South America Chile: Iron & steel; fish & food processing; wood products; textiles; heavy equipment. Argentina: Food processing; vehicles; durable goods; textiles; chemicals; steel Africa South Africa: Metals processing; vehicle assembly; machinery; textiles; iron & steel; fertilzers; food processing; shipbuilding. Sometimes included in the BRICS. Southeast Asia Malaysia: Rubber, oil and palm oil processing; pharmaceuticals; electronics; tin smelting; wood products. Australia: Mining; heavy equipment & vehicles; food processing; chemicals; steel. Data source:

15 Changing Industrial Location: The US
There has been a shift of manufacturing from the traditional “core” to the South and Western US. Several factors are important: Population growth in the West and South; Transportation changes and a focus on exports and imports; and “right to work” laws in many states.

16 “Right to Work” “Right to work” laws affect unions and worker rights.
Twenty-three states have “right to work” laws. The goal is to prevent a “closed shop” – a workplace where workers are required to be union members. In “right to work” states, although unions may negotiate contracts, no worker can be required to be a member of a union. HOWEVER – closed shops have been illegal in all parts of the US since 1947. In states that do not have “right to work” laws, workers who are not members of a union may be required to pay a “fair share” or “agency fee,” but are not required to join a union and do not pay full union dues. Some manufacturers in some industries definitely prefer “right to work” states.

17 Industrial Location In a primary economic activity – like agriculture, fishing, forestry, or mining – there isn't much location choice – you go where the soil is good, where the gold is, etc. But industry – a secondary economic activity – like manufacturing, construction, any operation that modifies a product and adds value – can try to choose the best possible location based on rational economic factors.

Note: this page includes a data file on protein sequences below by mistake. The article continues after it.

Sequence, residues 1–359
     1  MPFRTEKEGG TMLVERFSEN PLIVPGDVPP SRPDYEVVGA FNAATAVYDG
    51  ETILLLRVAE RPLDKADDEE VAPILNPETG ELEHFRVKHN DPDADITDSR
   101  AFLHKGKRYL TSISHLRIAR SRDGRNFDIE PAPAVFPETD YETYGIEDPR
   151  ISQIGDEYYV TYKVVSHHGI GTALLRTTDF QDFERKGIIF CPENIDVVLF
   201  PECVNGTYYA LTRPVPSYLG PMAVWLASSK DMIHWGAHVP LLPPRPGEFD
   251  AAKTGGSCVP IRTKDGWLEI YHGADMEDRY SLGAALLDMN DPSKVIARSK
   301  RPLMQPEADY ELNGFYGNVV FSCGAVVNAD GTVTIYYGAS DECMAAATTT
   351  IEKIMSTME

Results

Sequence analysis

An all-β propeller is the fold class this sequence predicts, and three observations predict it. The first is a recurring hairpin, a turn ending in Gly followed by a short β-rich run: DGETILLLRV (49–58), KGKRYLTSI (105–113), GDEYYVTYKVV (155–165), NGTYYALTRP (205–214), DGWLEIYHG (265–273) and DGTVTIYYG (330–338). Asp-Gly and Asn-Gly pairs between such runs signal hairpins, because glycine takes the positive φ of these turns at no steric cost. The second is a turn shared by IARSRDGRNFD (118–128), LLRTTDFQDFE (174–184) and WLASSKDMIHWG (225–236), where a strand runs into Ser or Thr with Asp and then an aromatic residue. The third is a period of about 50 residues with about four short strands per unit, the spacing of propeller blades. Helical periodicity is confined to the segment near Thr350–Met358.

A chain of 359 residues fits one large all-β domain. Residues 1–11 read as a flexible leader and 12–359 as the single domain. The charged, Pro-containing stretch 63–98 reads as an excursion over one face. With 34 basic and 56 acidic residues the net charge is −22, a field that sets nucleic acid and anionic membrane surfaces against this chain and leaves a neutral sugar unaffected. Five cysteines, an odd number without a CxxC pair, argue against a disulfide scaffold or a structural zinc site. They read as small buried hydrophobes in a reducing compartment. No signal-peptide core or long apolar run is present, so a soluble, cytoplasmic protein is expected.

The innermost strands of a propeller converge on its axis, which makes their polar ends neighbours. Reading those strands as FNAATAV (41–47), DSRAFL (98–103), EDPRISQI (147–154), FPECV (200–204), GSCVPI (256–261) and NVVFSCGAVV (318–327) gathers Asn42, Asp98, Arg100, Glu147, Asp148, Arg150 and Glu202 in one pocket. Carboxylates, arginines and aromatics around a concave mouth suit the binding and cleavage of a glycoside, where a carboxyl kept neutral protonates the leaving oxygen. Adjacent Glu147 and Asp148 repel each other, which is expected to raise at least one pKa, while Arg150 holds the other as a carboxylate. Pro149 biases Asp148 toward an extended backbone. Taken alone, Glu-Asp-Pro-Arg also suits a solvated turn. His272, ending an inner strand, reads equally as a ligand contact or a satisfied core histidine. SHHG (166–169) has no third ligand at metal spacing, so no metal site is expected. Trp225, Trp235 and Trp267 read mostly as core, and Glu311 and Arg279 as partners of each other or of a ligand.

18 Industrial Location: Situation
Proximity to Inputs: If an industry's inputs are heavy, bulky, or fragile, then it may make sense to locate near where those inputs come from. Examples: copper, steel, canned tomatoes Because what goes in the factory is heavier or bulkier than what comes out, these are often called weight-reducing or bulk-reducing industries. Proximity to Markets: If an industry's outputs are heavy, bulky, or fragile, then it may make sense to locate near the market. Examples: beer, glass, concrete, air conditioners Because what comes out of the factory is heavier or bulkier than what goes in, these are often called weight-gaining or bulk-gaining industries. Other industries may also locate near markets: Single-market manufacturing (auto parts) Perishable manufacturing (milk)

19 Changing Situation – Changing Locations
Manufacturing is in the process of shifting from the developed to the less developed world. This is largely because of situation changes – especially changing transportation methods and changing costs of labor.

20 Transportation Containerized shipping Depending on what is being manufactured, the cost and method of transportation may also have an impact on industrial location decisions. Methods of transportation: Ship (very low cost, very slow, best suited to long distance). Rail (low cost [usually], slow to moderate speed [usually], suitable for long or medium distances). Trucking (high cost [per ton], moderate to high speed, extremely flexible, suitable for long, medium or short distance). Air (very high cost, very high speed, suitable for medium or long distance). Pipeline (very low cost, but only suitable for bulk liquids)

21 Break of Bulk Points Break-of-bulk points (or “break-bulk points”)
A break-of-bulk point is place where you transfer goods from one kind of transport to another. Every time you go from one transportation method to another – from rail to truck, for example – it takes time and costs money.